, 4:312 | Cite as

Responses of the pea (Pisum sativum L.) leaf metabolome to drought stress assessed by nuclear magnetic resonance spectroscopy

  • Adrian J. Charlton
  • James A. Donarski
  • Mark Harrison
  • Stephen A. Jones
  • John Godward
  • Sarah Oehlschlager
  • Juan L. Arques
  • Mike Ambrose
  • Catherine Chinoy
  • Philip M. Mullineaux
  • Claire Domoney
Original Article


While many compounds have been reported to change in laboratory based drought-stress experiments, little is known about how such compounds change, and are significant, under field conditions. The Pisum sativum L. (pea) leaf metabolome has been profiled, using 1D and 2D NMR spectroscopy, to monitor the changes induced by drought-stress, under both glasshouse and simulated field conditions. Significant changes in resonances were attributed to a range of compounds, identified as both primary and secondary metabolites, highlighting metabolic pathways that are stress-responsive. Importantly, these effects were largely consistent among different experiments with highly diverse conditions. The metabolites that were present at significantly higher concentrations in drought-stressed plants under all growth conditions included proline, valine, threonine, homoserine, myoinositol, γ-aminobutyrate (GABA) and trigonelline (nicotinic acid betaine). Metabolites that were altered in relative amounts in different experiments, but not specifically associated with drought-stress, were also identified. These included glutamate, asparagine and malate, with the last being present at up to 5-fold higher concentrations in plants grown in field experiments. Such changes may be expected to impact both on plant performance and crop end-use.


Pea leaf metabolome Drought-stress NMR spectroscopy 



We are very grateful to Marie Bowen and Alison Wheal, John Innes Centre, for consistent and dedicated help with monitoring and harvesting plants and documentation of data. The field experiments involving transgenic plants were carried out under Defra consent 03/R29/4. Parts of the work were supported by Defra, United Kingdom (Grant Nos. AR0105 and AR0711, the Pulse Crop Genetic Improvement Network) and by the European Union (Grain Legumes Integrated Project, a Framework Programme 6 project, Grant No. FOOD-CT-2004-506223).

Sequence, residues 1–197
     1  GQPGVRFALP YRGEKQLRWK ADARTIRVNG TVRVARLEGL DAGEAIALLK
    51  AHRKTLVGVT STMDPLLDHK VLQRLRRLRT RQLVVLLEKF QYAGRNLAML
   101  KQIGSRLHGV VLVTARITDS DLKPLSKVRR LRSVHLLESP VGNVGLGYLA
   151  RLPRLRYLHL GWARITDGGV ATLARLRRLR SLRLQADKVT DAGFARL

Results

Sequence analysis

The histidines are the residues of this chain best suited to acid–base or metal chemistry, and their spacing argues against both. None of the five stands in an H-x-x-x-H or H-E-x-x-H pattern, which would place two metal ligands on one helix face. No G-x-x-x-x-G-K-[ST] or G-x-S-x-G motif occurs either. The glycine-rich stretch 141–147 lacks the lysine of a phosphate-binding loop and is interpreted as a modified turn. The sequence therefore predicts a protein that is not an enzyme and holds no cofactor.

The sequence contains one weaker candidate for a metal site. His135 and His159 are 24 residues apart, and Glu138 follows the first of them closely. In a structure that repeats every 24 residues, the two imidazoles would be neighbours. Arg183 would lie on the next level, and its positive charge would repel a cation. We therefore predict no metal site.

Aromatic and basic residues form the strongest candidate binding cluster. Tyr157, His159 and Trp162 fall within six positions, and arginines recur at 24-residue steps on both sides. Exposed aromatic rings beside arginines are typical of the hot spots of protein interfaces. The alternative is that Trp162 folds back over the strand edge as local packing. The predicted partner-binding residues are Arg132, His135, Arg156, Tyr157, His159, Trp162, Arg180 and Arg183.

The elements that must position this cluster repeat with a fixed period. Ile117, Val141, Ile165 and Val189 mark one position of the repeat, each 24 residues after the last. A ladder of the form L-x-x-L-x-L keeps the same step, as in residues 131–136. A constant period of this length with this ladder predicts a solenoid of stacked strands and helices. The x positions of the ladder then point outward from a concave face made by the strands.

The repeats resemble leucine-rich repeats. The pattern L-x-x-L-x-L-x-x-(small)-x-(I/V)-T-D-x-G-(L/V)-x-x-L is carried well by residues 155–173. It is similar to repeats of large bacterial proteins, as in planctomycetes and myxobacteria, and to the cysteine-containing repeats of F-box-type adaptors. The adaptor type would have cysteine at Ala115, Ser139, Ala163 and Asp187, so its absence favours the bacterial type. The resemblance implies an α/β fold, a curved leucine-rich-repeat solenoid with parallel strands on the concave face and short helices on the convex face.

Supplementary material

11306_2008_128_MOESM1_ESM.pdf (578 kb)


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Copyright information

© Springer Science+Business Media, LLC 2008

Authors and Affiliations

  • Adrian J. Charlton
    • 1
  • James A. Donarski
    • 1
  • Mark Harrison
    • 1
  • Stephen A. Jones
    • 1
  • John Godward
    • 1
  • Sarah Oehlschlager
    • 1
  • Juan L. Arques
    • 2
  • Mike Ambrose
    • 2
  • Catherine Chinoy
    • 2
  • Philip M. Mullineaux
    • 3
  • Claire Domoney
    • 2
  1. 1.Central Science LaboratorySand Hutton, YorkUK
  2. 2.John Innes Centre, Norwich Research ParkColney, NorwichUK
  3. 3.Department of Biological SciencesUniversity of EssexWivenhoe Park, ColchesterUK

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